But this, I believe, is putting the cart before the horse. In his clever satire, Ten Ways to Destroy the Imagination of Your Child, Anthony Esolen writes:

Without the library of memory…. the imagination simply does not have much to think about or play with. 

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How to Have a Happy and Lasting Marriage

This past year, both my parents and my in-laws reached a wonderful milestone in their lives: they celebrated their 50th Golden Wedding Anniversaries. As my siblings and I prepared to celebrate my parent’s anniversary, we began to reminisce about our childhood. We were reminded yet again of what an incredible marriage our parents had and still have. In fact, as far as we can remember, they only had one big argument. And it was over something so trivial that it has become a family joke. 

A loving  marriage is like the air we breathe: as long as we have it, we take it for granted. But, take oxygen out of the air and we’re in danger of suffocating. Likewise, if you take love out of a marriage, the relationship dies. 

At the same time, a loving marriage is like a game of golf: To the outsider, it looks so easy and natural. But the reality is that a loving, stable marriage takes a lot more effort than it looks. 

So for Valentine’s Day, I asked my parents and in-laws, golden experts on true love, for their advice on how to have a happy and lasting marriage. Here’s what they advised:

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Give Your Kids Books For Christmas!

Earlier this month, my sister, my friend Melissa, and I were brainstorming about what to give our boys for Christmas. What do you get kids who have so much already? “First world problem,” noted my sister, who has spent time volunteering in India and Malawi. So. true.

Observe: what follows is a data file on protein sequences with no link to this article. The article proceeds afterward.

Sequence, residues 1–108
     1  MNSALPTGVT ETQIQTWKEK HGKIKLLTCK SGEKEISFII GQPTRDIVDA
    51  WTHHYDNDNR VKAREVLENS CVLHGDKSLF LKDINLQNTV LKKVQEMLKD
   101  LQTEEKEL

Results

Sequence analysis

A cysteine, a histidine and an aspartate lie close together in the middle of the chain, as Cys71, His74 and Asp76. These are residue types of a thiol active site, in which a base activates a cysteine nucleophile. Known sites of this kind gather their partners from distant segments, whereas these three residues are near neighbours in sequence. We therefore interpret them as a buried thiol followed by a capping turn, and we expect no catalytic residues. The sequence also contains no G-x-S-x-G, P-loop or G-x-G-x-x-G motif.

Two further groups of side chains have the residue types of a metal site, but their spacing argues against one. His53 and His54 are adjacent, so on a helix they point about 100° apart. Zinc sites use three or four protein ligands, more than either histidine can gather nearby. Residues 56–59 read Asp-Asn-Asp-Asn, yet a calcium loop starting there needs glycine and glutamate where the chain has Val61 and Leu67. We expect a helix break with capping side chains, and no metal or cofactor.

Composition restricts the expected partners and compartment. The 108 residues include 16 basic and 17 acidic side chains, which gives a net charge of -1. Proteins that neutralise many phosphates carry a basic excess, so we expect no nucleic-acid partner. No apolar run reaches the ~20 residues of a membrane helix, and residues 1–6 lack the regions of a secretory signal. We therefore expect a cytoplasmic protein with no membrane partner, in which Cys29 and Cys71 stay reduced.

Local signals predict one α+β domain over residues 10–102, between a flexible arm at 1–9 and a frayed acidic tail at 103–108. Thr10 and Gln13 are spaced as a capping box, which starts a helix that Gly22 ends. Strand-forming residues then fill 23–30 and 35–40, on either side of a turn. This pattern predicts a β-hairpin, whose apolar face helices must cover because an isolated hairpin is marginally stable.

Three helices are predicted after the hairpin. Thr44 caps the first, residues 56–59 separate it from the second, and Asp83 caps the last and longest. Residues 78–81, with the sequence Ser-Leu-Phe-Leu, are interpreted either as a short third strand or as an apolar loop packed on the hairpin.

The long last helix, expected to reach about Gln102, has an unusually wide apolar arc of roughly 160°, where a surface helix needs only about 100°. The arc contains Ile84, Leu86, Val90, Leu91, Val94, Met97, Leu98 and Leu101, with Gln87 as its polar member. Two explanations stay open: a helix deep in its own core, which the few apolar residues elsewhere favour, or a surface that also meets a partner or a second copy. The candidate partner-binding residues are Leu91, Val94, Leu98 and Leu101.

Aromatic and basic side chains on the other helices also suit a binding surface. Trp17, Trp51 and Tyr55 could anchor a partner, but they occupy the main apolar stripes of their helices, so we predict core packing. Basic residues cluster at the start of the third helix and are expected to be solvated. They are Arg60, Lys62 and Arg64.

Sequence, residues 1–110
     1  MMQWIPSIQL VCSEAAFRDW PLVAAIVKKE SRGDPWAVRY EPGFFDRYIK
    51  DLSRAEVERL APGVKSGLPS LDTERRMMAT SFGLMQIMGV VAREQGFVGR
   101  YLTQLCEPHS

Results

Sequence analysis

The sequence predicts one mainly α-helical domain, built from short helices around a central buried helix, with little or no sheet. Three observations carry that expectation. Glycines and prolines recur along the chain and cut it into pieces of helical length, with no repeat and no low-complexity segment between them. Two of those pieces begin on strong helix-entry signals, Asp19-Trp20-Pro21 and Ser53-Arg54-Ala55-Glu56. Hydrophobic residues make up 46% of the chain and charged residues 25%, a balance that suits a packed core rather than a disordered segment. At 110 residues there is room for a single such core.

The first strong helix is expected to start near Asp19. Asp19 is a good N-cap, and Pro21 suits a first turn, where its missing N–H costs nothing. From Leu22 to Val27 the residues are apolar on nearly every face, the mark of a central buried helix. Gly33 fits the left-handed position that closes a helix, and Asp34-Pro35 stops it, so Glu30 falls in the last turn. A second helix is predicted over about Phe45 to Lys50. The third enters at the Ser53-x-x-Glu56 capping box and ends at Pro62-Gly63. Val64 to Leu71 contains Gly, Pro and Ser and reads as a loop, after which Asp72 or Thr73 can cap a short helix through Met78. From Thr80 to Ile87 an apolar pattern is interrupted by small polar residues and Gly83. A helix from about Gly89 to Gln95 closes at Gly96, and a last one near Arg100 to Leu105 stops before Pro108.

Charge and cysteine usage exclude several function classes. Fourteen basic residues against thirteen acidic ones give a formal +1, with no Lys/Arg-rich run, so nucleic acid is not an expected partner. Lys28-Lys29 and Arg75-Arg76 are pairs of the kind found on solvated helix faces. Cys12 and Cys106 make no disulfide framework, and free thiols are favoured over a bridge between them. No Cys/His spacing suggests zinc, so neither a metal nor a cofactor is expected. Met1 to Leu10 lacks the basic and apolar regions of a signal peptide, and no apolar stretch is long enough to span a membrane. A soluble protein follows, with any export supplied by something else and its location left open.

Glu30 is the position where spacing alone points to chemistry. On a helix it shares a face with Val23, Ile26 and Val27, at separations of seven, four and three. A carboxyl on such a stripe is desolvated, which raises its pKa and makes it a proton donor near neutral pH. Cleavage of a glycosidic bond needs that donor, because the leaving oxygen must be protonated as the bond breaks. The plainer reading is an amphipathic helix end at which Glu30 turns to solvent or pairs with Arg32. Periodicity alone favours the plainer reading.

Kids don’t need all the latest high-tech toys. As I write this, I’m watching my kids play in the backyard with sticks. Where’s that drone we got them last year? It flew into a tree and broke. Where’s that R.C. car Sparky got two years ago… the one that drives up the wall? Broken, too. So there they are, chasing each other with sticks, having sword fights, and whacking the fence. As happy as can be. Which reminds me that kids don’t need expensive toys. They just need vivid imaginations, fresh air, and well… sticks!)

One thing kids can’t have enough of are quality books — wholesome, well-written novels that feed the imagination. It’s a worthy endeavor to slowly build a family library. So I always get my kids books for Christmas … among other things. Here are some of our favorites from this year:

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Even the Saints Could be Difficult Children

Sanctity. For many of us, this is what we want above all for our children. We want them to grow up to be devout, holy Catholics filled with grace and virtue. 

But sometimes that seems impossible. When our kids are obstinate, quarrelsome, selfish, or hot-tempered, it seems there is no way they will overcome their faults and grow up to be mature, generous adults… let alone saints!